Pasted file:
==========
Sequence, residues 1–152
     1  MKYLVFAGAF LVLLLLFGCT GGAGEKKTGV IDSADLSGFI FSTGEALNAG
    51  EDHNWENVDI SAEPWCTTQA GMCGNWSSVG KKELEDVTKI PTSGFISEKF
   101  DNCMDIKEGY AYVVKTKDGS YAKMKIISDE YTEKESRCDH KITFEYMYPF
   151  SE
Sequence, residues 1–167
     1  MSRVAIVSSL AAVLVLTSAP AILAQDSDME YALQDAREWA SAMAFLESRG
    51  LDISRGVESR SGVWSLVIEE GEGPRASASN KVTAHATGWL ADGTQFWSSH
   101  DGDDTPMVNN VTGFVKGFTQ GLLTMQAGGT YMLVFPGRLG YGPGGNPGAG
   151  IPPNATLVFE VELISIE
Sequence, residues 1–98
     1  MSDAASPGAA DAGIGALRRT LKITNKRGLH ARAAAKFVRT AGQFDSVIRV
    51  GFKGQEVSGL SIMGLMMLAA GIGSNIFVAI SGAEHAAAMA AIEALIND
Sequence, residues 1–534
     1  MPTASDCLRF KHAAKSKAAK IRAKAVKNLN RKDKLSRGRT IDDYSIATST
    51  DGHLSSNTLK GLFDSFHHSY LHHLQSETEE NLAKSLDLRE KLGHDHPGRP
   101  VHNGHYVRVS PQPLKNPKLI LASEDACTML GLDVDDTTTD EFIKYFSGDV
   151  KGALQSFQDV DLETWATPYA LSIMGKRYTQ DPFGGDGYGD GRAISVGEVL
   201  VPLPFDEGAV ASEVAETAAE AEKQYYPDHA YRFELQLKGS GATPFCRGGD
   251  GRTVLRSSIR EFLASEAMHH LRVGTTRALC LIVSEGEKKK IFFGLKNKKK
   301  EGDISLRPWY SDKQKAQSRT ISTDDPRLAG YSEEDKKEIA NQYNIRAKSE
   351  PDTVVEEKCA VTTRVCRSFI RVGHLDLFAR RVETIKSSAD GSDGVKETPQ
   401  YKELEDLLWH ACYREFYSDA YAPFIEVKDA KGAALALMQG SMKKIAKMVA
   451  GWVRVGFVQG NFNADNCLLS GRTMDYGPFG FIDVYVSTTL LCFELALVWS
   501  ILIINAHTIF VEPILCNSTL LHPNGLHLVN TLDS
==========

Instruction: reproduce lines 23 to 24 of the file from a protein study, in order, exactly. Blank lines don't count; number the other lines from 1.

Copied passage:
   401  YKELEDLLWH ACYREFYSDA YAPFIEVKDA KGAALALMQG SMKKIAKMVA
   451  GWVRVGFVQG NFNADNCLLS GRTMDYGPFG FIDVYVSTTL LCFELALVWS